# Mathematics Workshop Mathematics Workshop - PowerPoint PPT Presentation

PPT – Mathematics Workshop Mathematics Workshop PowerPoint presentation | free to download - id: 3ceb83-NTZiM

The Adobe Flash plugin is needed to view this content

Get the plugin now

View by Category
Title:

## Mathematics Workshop Mathematics Workshop

Description:

### Mathematics Workshop Mathematics Workshop Planning Student-Centered Mathematics Around Big Ideas Susan Muir K-4 Math Coach * Begin with the Handshake Activity. – PowerPoint PPT presentation

Number of Views:367
Avg rating:3.0/5.0
Slides: 58
Provided by: mathtechca
Category:
Tags:
Transcript and Presenter's Notes

Title: Mathematics Workshop Mathematics Workshop

1
Mathematics Workshop Mathematics
Workshop
• Planning Student-Centered
• Mathematics Around
• Big Ideas
• Susan Muir
• K-4 Math Coach

2
Planning Student-CenteredMathematics
Instruction
• Beginning with the end in mind

3
Agenda
• Handshake Activity( warm-up)
• My Role as a Math Coach
• Planning for Outcome-Based Curriculum
• Four Step Process for Backwards Design
• 1.Identify the outcomes to be learned- outcomes
indicators activity
• 2.Determine how the learning will be observed-
assessment
• 3.Plan the learning environment- creating a
mathematical classroom
• 4.Assess student learning and follow up
• Three-Part Lesson Format for Problem Based
Lessons
• Questions (wrap-up)

4
Handshake Activity
• If every person shakes hands with every other
person once, how many handshakes will take place?
• If there are 5 people in your group, how many
handshakes would occur?
• 10 people?
• 20 people?

5
Handshake Activity
• People of Handshakes
• 5 ___
• 10 ___
• 20 ___
• Strategies?

6
Strategies.
• 5 432110 handshakes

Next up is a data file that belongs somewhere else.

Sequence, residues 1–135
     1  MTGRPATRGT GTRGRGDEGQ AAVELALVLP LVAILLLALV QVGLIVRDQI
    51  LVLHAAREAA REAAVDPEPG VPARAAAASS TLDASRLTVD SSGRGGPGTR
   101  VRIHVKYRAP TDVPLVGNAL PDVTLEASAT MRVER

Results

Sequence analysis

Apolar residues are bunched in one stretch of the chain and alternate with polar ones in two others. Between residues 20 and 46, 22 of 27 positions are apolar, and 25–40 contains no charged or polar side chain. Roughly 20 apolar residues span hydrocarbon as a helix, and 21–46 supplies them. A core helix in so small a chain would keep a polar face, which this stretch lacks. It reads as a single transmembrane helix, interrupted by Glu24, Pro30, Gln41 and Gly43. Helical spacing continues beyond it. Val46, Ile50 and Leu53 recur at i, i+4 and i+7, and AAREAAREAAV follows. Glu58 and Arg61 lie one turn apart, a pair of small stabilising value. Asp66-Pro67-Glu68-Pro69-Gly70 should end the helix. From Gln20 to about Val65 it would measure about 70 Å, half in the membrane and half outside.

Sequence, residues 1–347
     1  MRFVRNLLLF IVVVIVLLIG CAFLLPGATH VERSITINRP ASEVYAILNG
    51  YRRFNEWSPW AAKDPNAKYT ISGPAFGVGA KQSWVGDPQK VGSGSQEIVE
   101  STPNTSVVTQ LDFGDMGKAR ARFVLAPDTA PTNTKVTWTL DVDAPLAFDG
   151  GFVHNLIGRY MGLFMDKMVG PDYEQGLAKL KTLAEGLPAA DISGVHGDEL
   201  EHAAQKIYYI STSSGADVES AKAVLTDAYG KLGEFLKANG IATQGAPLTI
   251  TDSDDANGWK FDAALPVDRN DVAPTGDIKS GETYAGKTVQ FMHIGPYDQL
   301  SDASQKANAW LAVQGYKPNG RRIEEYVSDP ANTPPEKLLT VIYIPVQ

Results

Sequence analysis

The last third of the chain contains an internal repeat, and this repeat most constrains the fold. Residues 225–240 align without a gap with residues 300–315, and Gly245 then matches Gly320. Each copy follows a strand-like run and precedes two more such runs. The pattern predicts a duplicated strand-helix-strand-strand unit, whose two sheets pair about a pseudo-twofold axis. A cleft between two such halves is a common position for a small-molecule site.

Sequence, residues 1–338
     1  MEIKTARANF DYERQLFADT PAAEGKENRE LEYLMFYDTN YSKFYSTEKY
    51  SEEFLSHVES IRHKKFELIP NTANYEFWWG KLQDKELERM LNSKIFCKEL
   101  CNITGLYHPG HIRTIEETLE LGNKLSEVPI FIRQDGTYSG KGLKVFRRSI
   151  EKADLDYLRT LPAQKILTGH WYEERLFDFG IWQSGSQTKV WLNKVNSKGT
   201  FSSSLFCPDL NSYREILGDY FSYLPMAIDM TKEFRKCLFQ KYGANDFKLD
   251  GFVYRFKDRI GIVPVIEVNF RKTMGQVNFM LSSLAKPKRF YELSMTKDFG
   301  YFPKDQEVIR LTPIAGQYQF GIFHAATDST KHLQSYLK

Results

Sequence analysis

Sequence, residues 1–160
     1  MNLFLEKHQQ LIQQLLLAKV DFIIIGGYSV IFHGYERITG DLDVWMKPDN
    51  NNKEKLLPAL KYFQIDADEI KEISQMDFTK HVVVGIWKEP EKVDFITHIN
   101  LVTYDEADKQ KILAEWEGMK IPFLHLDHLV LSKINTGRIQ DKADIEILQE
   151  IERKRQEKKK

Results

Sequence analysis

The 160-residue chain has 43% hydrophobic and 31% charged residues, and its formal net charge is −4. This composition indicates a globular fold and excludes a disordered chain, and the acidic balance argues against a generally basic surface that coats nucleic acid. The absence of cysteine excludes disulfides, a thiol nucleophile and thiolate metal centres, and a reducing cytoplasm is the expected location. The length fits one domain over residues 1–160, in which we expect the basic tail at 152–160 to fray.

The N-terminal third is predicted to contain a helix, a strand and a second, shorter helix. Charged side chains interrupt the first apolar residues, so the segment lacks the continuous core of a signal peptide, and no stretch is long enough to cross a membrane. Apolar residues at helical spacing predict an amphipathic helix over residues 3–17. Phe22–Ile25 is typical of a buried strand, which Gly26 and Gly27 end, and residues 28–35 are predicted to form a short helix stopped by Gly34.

• n(n-1) of people ( of
people- yourself)
• 2 repeated handshakes
• 5(5-1)
• 2

7
Mathematics
• Mathematics is the science of pattern and order.
• We look at the worlds patterns and generalize
so we can predict the rule to apply it to other
patterns.

8
Where Do I Begin???
9
Planning for Outcome-Based Curriculum
• What is it that the student needs to know,
understand and be able to do?

10
Step One Identify the outcomes to be learned
• What are my students interested in and what do
they want to learn?
• What do my students need to know, understand and
be able to do based on the big ideas and outcomes
in the curriculum?

11
Outcomes
• Describe what students will know or be able to do
in a particular discipline by the end of the
or expand on outcomes from previous grades.

12
Indicators
• Are a representative sample of evidence that
students would be able to demonstrate or produce
if they have achieved the outcome.
• Define the breadth and depth of the outcome.

13
Planning the Year
• Curriculum Documents http//central.gssd.ca/math/?
page_id760
• Strands
• -Patterns and Relations
• -Number
• -Shape and Space
• -Statistics and Probability (Gr.3-4)

14
Goals for Mathematics
• The four goals are broad statements that identify
the knowledge, understandings, skills and
attitudes in mathematics that the students are
expected to develop and demonstrate by the end of
• Within each grade level, outcomes are directly
related to the development of one or more of
these goals.

15
Logical Thinking
• Develop and be able to apply mathematical
reasoning processes , skills and strategies to
new situations and problems.

16
Number Sense
• Develop an understanding of the meaning of,
relationships between, properties of, roles of,
and representations(including symbolic) of
numbers and apply this understanding to new
situations and problems.

17
Spatial Sense